As Sri Lanka Cricket embarks on their latest challenge against Australia, the home team’s newest batting sensation, Kusal Mendis spoke exclusively to about his journey to being a national cricketer, before the all-important Warne-Muralitharan trophy kicked-off.

The beginning

Born and raised in the cricket-crazy town of Moratuwa, 21-year old Mendis was inspired to play the sport we all love by his biggest fan, his father – Dinesh Mendis,

My father was the one who inspired me to play cricket. He is like my shadow, he is my biggest critic. When I was a kid, he sent me for training at the Moratuwa Cricket Academy under the watchful eyes of Jayalath Aponso who really taught me the ABC’s of cricket.

Even as a youngster at Prince of Wales’ College, Moratuwa, Mendis was renowned for his batsmanship as he scored heaps of runs and tormented many school bowling attacks. Mendis got his 1st taste of national duty when he was just 15 and was eventually bestowed the responsibility of leading Sri Lanka in the ICC U19 World Cup in 2014.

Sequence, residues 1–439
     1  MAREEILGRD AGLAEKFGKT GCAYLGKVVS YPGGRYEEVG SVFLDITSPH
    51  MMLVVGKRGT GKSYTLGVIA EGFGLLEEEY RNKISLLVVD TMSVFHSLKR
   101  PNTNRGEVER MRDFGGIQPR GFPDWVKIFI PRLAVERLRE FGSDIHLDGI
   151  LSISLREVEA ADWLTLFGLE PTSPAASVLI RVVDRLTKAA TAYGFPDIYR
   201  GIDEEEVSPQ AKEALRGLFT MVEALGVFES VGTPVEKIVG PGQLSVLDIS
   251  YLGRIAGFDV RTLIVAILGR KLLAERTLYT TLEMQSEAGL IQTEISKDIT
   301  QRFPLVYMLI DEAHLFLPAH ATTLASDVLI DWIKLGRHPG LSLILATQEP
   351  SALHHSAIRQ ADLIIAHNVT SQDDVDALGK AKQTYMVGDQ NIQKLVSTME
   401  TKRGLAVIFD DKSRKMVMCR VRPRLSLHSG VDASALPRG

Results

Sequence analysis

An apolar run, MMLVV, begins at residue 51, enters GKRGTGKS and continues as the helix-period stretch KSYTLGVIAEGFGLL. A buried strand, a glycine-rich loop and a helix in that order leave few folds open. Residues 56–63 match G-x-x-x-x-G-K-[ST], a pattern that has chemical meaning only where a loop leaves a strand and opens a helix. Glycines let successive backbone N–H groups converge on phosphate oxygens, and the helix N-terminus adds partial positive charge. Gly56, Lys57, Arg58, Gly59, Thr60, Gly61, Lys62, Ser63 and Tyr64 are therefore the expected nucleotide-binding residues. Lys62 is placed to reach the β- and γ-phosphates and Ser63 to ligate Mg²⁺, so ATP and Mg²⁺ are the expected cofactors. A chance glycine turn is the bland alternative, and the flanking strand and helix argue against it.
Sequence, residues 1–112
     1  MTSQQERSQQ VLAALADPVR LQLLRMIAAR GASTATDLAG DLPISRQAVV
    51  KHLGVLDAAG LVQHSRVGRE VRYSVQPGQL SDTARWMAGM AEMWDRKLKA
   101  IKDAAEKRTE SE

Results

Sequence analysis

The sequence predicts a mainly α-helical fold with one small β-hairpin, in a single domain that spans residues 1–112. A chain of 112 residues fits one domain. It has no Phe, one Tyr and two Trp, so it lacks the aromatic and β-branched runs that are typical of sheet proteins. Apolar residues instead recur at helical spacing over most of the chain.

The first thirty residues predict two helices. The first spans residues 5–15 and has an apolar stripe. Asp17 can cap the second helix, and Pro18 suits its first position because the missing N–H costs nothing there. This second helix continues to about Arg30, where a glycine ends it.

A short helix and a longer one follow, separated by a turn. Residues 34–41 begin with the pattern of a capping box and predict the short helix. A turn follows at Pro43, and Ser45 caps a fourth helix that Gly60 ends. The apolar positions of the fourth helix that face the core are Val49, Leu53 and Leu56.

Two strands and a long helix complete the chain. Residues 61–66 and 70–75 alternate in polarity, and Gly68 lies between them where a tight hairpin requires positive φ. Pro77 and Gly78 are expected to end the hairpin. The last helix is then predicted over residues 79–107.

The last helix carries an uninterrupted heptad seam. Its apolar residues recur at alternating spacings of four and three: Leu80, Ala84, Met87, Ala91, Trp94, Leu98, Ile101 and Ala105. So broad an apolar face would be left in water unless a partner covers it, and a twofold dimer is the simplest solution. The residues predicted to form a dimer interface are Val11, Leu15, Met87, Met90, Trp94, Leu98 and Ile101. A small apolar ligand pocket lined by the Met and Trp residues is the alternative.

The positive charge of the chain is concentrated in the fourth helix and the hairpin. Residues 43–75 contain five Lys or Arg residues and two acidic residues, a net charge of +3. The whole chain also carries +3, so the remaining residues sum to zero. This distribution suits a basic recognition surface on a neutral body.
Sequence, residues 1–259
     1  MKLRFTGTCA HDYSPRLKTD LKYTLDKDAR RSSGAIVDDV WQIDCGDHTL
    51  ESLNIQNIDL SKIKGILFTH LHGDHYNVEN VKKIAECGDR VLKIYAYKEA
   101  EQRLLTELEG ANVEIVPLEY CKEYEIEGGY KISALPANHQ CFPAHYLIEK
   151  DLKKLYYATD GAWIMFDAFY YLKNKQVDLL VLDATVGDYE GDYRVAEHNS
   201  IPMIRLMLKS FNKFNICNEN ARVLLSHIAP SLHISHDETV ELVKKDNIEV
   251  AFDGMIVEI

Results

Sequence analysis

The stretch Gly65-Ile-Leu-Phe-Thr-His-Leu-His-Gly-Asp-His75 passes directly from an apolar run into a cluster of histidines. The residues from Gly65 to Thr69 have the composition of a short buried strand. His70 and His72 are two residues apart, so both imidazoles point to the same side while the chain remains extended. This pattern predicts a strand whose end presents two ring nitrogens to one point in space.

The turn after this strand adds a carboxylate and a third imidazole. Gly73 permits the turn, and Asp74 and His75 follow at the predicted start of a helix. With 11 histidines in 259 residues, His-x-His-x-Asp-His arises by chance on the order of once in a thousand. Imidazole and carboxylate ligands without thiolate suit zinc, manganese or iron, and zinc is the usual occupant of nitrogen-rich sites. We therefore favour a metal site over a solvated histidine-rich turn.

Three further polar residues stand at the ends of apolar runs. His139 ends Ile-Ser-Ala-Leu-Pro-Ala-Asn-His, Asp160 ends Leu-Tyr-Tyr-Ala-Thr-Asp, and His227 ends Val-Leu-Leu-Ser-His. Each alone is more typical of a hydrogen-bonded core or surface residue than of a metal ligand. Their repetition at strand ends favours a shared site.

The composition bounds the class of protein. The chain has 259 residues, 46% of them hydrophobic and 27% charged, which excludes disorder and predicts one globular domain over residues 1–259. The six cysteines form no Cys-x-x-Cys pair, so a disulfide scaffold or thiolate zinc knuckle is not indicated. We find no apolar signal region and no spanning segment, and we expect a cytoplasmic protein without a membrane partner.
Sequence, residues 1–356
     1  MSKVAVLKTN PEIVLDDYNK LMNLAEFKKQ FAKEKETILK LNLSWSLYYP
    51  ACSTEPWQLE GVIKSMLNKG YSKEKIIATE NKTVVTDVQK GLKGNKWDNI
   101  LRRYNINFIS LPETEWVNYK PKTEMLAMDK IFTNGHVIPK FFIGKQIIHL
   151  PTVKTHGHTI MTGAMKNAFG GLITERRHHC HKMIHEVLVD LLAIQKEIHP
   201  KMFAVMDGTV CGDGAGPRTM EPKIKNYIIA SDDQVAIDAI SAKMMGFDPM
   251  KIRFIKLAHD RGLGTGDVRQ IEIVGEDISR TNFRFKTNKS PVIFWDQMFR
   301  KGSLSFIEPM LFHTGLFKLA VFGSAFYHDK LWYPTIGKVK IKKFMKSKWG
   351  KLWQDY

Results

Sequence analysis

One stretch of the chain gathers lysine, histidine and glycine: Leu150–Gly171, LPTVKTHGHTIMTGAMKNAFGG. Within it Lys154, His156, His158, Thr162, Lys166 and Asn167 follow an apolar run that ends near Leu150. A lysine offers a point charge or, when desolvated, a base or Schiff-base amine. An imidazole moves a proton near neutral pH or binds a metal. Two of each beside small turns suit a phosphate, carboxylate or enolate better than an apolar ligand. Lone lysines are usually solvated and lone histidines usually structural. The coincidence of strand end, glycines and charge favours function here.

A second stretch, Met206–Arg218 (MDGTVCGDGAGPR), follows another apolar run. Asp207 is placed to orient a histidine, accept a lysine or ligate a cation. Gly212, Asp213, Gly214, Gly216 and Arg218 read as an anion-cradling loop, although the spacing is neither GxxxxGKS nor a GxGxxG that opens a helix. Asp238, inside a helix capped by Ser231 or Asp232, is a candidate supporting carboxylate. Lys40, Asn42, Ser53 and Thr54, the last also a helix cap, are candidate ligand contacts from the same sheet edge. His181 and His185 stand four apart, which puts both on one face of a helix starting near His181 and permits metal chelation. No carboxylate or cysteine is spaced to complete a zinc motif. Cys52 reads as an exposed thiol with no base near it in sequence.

Sri Lanka Under 19 captain

My goal is to be a match-winner for Sri Lanka – Kusal Mendis“In 2012, I could not make the Sri Lanka U19 squad for the ICC U19 World Cup in Australia but from that point onwards, I was determined to somehow make the next U19 squad and since the start of 2013, I led Sri Lanka U19s until the World Cup in 2014 in UAE. It was a great honour for me to lead my country.” Mendis recalled his glory days leading Sri Lanka as a teenager.

The Turning Point

Playing for the Sri Lanka Emerging Squad against the South Africa Emerging Squad in August, 2015 Mendis impressed one and all, scoring 170 runs in 2 four-day matches which got him the nod to tour India with the Sri Lanka Development Squad under the captaincy of Milinda Siriwardana.  Mendis rates the tour to India to play the Moin-ud-Dowlah three-day tournament in Hyderabad in September, 2015, ‘the turning point’ of his career which led to an unanticipated national call up, “I made a century (156) and two half-centuries during that tour and I believe that’s the whole reason I was called-up against West Indies. I’m thrilled I got the opportunity to play my Test debut here in Sri Lanka when I was just 20 years old.”

The first-class career